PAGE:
Challenging plurilingual education settings with mindfulness: using meditation, attention practices, and stress management tools to foster intercultural competence

Presenter: Cristina Gámez Fernández

Affiliation: University of Córdoba, Spain

Chosen format: Presentation


This contribution is a practical-based proposal in which experiential activities will be carried out with participants to open a space for reflection on the potential that some mindfulness tools have in plurilingual and pluricultural educational environments to improve students’ self-awareness and awareness of cultural and linguistic diversity and to prevent ethnocentric attitudes and behaviors. Mindfulness practice enables individuals to face and respond, rather than to react, to what happens both within and around them with proactivity. Such attitude enhances students’ deep and transformative learning, not only of factual contents about languages or cultures but also of social and emotional dynamics. Coyle, Hood & Marsh highlight the central role of affective factors related to anxiety and motivation and warn that it is essential that the challenges posed to learners in CLIL environments do not foster anxiety or reduce motivation (2010: 88). This workshop is based on the premise that by working on the three key features of mindfulness (intention, attention and attitude), more adaptative behaviors are implicitly and explicitly addressed in the classroom, by preventing or ameliorating learners’ stress or anxiety episodes. It also argues that it is possible to establish a close identification between motivation and intention in mindfulness, based on the following statement by Coyle, Hood & Marsh (2010: 88): “considerable concentration, effort and willpower are needed to learn another language effectively. Both noticing and attention are key components of the required processes. As motivation sits on a higher affective and mental level than these components, it is a necessary prerequisite for them” (emphasis added). The authors, not necessarily familiar with mindfulness, point out the close interrelationship between attention and intention (or motivation). Likewise, those of us who teach often find ourselves wondering whether there is something we can do to be less stressed, to be more creative in our daily teaching practice or to make our students pay more attention to the activities we prepare for them. Some of us even wonder if from our academic specialties it is possible to actively accompany our students in both their personal and academic growth and to provide them with memorable learning experiences. Mindfulness provides techniques that can be implemented in the classroom and that can potentially greatly transform our lessons.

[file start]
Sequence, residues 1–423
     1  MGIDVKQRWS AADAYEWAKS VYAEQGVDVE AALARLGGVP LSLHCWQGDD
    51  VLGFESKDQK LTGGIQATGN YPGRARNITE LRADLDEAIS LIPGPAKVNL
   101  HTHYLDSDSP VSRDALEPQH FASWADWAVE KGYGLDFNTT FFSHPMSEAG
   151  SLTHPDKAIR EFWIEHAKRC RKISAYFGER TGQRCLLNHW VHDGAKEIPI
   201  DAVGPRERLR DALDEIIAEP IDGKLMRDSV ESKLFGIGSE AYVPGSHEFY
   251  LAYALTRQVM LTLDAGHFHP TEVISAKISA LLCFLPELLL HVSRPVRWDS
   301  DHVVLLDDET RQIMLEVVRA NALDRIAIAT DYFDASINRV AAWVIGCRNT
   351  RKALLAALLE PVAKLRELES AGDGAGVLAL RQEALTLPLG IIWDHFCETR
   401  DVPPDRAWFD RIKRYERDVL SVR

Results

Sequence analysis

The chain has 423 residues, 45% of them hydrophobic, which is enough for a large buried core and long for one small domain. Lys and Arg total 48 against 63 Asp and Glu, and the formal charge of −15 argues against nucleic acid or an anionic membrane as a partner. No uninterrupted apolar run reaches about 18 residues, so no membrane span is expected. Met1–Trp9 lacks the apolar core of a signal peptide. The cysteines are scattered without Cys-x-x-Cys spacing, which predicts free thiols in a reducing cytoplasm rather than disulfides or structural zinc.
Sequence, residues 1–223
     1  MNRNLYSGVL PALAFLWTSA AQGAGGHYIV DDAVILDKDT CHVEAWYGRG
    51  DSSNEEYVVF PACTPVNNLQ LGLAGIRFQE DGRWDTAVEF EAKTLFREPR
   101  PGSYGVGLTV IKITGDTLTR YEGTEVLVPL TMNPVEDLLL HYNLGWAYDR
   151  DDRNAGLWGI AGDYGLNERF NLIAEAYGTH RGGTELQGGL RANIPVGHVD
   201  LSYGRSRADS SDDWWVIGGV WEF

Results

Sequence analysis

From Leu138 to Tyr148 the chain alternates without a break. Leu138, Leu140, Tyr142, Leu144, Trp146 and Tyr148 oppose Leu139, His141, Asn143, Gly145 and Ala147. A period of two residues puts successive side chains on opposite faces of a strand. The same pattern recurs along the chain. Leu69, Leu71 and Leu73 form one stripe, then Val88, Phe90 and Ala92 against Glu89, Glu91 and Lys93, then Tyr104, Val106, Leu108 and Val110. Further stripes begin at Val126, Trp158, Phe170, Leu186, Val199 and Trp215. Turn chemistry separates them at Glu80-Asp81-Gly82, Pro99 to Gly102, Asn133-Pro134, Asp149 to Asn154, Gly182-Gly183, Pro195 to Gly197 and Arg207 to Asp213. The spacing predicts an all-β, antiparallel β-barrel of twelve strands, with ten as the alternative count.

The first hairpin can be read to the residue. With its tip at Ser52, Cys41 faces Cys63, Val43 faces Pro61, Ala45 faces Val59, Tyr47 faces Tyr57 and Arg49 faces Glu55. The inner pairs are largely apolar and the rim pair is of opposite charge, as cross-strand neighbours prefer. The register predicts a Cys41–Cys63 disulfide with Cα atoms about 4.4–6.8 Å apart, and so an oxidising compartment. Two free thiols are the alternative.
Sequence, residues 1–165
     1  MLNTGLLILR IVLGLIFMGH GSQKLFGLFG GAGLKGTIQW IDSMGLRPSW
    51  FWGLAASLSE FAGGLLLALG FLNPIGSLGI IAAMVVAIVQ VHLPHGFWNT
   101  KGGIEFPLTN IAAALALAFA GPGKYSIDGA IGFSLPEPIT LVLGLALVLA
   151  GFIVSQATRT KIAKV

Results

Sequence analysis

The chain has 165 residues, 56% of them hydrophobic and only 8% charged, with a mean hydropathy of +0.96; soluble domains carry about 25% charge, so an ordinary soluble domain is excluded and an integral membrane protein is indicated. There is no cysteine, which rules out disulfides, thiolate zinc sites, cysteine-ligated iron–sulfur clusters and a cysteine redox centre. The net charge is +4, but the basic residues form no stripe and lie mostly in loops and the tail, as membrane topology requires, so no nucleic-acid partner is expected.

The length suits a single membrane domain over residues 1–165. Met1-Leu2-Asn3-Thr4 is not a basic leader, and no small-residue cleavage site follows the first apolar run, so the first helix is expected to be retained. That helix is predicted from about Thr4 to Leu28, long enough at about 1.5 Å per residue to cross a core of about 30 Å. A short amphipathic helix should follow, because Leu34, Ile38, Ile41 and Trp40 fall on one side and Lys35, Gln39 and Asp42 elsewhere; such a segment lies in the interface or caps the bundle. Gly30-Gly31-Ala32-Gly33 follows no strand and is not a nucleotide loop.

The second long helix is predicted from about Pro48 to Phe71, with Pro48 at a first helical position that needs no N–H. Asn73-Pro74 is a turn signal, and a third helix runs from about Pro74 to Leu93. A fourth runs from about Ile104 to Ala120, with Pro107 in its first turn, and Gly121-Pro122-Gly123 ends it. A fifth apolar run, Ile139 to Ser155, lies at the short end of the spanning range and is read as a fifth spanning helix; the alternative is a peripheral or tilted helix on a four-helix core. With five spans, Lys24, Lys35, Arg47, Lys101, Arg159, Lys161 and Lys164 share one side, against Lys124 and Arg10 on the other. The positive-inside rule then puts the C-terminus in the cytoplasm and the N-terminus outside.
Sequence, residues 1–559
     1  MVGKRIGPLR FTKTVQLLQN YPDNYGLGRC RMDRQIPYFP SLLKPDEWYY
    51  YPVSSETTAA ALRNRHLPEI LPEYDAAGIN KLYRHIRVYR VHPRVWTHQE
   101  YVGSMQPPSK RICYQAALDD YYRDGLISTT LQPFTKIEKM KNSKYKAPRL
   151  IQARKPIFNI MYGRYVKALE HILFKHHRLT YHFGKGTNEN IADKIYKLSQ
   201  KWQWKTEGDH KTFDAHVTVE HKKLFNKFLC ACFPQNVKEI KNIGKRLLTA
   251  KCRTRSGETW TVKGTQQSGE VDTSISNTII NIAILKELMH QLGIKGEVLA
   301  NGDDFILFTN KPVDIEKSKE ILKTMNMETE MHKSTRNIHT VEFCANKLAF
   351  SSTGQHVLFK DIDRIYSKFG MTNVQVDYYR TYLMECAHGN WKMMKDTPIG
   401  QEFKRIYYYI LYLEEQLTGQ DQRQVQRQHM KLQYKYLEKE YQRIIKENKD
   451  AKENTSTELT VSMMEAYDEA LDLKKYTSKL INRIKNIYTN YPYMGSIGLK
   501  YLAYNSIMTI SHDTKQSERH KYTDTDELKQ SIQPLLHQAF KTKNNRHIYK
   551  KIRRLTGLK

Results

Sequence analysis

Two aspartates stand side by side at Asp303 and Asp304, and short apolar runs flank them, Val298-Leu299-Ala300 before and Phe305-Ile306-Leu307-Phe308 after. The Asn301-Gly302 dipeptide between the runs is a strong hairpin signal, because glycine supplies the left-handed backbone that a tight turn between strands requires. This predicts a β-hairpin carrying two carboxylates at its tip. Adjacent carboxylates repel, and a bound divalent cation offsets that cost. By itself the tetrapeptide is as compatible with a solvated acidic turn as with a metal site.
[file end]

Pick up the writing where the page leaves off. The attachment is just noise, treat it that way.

Keywords: mindfulness; intercultural competence; stress; anxiety; motivation
COYLE, D., HOOD, P. & MARSH, D. (2010). CLIL. Content and Language Integrated Learning. Cambridge: Cambridge University Press.
Cristina M. Gámez-Fernández teaches in the Department of English and German at the University of Córdoba. Her teaching experience is twofold: cultural studies for literary analysis and intercultural education. She has also carried out methodological training of university teaching staff eager to explore bilingual university teaching practices. Her research experience today reconciles her focus on the representation of vulnerability and precarity in literature with research in her daily teaching practice, where she actively introduces mindfulness and coaching techniques as a means of improving the learning experience of her students in combination with their own life experiences.
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